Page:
After the death of King Khalid in 1982, and the ascension of Fahd bin Abdulaziz to the throne, Abdullah was selected as crown prince, though not without considerable resistance and factional struggle within the complex family network. Later, in 1995, when King Fahd suffered a serious stroke, Abdullah became the acting head of state and the highest ranking member of the royal family. But he was not officially crowned King until 2005, when his incapacitated brother died—one decade after the stroke.

In the capital city of Riyadh, Abdullah’s half-brother Salman, aged 79, took power as the new King. Salman quickly established the new line of succession, as is customary, appointing Prince Mohammed bin Nayef next in line for the throne after designated successor Crown Prince Muqrin. Salman had been acting in the capacity as de facto ruler for months while Abdullah had been ill, or recuperating from illnesses. Abdullah’s condition worsened near the end of December when persistent bronchitis turned into pneumonia, forcing the King into the hospital.

The new king addressed his country, now in mourning, on television and radio early Friday, assuring them of stability and easing worries.

“We will continue adhering to the correct policies which Saudi Arabia has followed since its establishment,” the King said, adding “the Arab and the Islamic nations are in dire need of solidarity and cohesion.” The reference was widely viewed in the U.S. and Europe as a veiled reference to the instability sparked by the rise of ISIS in Syria and Iraq, new tensions between Iran and the rest of the world, and the potentially destabilizing effects of al Qaeda-inspired terror and disruptions in Yemen.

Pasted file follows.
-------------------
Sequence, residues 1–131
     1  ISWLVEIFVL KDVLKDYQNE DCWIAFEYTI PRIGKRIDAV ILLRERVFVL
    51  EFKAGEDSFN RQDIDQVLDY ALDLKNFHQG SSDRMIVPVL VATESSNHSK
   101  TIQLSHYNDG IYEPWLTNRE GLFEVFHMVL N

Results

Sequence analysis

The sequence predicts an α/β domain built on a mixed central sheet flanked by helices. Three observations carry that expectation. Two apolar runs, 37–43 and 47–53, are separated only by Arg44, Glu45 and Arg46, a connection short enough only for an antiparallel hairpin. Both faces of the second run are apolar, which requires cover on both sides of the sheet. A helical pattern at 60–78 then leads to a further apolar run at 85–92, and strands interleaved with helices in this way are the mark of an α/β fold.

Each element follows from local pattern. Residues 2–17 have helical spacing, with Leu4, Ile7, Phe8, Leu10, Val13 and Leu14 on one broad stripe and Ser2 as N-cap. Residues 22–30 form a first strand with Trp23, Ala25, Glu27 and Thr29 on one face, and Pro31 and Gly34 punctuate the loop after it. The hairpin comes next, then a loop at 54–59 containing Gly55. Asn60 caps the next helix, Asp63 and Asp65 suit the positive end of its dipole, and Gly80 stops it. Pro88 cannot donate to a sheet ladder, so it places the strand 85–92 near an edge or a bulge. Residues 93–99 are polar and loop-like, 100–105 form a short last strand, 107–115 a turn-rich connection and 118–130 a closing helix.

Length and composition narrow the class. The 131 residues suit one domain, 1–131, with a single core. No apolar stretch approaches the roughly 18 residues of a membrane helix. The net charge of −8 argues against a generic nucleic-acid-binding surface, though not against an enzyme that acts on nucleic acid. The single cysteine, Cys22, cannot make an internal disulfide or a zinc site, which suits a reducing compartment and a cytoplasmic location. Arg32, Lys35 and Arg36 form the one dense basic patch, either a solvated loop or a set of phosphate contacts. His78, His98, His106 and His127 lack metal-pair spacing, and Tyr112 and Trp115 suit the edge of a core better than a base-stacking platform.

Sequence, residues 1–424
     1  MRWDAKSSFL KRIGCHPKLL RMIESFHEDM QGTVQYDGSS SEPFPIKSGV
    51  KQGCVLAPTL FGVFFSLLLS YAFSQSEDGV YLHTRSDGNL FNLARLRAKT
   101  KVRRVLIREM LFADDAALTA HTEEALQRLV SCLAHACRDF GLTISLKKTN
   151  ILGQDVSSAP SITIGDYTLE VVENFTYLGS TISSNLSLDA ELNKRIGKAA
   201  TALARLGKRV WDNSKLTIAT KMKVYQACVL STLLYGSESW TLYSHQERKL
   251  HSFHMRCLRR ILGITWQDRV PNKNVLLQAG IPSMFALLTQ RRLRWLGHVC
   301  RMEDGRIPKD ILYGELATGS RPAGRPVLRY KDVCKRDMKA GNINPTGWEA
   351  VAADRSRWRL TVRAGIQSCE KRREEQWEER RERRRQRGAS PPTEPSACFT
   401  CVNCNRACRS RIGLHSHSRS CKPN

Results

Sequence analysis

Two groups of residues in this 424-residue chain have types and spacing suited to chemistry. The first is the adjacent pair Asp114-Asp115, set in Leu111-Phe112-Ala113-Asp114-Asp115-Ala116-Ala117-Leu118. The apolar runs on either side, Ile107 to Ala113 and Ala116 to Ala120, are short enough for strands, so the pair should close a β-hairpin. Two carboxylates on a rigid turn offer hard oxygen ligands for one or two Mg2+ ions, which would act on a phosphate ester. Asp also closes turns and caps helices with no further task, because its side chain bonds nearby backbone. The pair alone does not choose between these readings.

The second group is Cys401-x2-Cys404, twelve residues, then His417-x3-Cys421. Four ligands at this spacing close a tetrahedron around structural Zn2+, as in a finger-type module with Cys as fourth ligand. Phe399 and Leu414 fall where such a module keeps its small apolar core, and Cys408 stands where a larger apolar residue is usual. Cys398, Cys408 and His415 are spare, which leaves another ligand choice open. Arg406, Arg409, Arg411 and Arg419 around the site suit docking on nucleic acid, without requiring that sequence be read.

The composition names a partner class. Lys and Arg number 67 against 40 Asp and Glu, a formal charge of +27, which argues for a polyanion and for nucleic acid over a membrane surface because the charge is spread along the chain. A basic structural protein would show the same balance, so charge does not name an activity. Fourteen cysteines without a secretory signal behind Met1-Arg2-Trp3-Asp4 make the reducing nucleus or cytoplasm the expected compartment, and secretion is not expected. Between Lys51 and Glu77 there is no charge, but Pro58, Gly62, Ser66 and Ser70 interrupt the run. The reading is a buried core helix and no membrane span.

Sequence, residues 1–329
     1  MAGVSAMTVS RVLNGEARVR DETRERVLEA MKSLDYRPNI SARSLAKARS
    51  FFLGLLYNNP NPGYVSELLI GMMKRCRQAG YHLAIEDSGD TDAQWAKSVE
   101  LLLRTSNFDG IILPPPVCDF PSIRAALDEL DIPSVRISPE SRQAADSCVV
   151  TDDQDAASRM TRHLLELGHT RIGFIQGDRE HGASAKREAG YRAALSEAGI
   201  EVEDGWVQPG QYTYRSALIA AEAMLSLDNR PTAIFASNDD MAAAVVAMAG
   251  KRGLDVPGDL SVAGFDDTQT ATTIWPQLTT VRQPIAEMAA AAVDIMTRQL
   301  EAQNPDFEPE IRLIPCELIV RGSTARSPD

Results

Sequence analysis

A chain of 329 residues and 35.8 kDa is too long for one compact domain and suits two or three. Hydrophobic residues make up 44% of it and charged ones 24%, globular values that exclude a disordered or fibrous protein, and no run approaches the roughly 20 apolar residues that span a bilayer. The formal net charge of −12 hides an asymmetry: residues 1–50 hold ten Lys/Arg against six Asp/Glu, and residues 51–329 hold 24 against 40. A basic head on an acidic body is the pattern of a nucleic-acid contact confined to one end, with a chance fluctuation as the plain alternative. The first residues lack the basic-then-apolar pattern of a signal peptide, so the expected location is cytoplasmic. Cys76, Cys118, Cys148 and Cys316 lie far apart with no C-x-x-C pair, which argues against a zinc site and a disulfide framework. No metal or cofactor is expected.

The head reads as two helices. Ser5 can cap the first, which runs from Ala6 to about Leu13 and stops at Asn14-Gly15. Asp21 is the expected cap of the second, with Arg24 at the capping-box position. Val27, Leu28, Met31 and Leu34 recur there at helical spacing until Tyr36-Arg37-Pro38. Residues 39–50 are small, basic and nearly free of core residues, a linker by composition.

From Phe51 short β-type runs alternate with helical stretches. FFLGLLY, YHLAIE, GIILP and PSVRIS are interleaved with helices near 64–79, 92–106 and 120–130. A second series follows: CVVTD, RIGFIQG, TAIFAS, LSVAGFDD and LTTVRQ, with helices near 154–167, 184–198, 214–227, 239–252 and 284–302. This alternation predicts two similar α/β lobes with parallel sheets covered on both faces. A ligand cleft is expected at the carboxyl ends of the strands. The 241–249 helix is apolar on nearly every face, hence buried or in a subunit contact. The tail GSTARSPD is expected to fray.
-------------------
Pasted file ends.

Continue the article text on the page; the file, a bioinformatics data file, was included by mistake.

The new King Salman had served previously as Defense Minister, a role he has maintained since 2011. Salman was instrumental in encouraging others in the royal family to accept U.S. involvement in the current multi-pronged war against ISIS and al Qaeda. For this reason, analysts in Washington expect no major shift in military or defense policy to emerge from Riyadh.

But King Salman is facing what may be his nation’s most critical juncture: the threat of ISIS, which now competes almost daily with al Qaeda for pre-eminence in violent extremism, extends deeply into Saudi Arabia, where social and economic inequality are still a stubborn fact of life. He also assumes power at a moment of maximum risk on the Arabian Peninsula, as extremist and radical groups attempt to destabilize Yemen, and as ISIS militants move perilously close to the border between Iraq and Saudi Arabia.

King Salman will also face demographic challenges as his country’s young people grow in proportion to the rest of the population. The internet, smart phones, and social media are shattering the social template of an ultra-conservative nation where the state generally exerts substantial control over news and information.

Salman also arrives to the throne at the height of worldwide economic tensions over oil—not because prices are high, but because those prices are low. Other OPEC countries are angry at Saudi Arabia for its persistent overproduction of oil at a time when world reserves are at their highest in a generation. Energy analysts in the United States are unsure as to what King Salman’s intentions might be concerning oil production, but are in agreement that the next few days and weeks will be critical to understanding Saudi Arabia’s long-term intentions in energy supplies.

Related Thursday Review articles:

Oil Prices & Saudi Arabia’s Endgame; R. Alan Clanton; Thursday Review; January 8, 2015.

Oil, Debt, & Venezuela on the Brink; R. Alan Clanton; Thursday Review; January 9, 2015.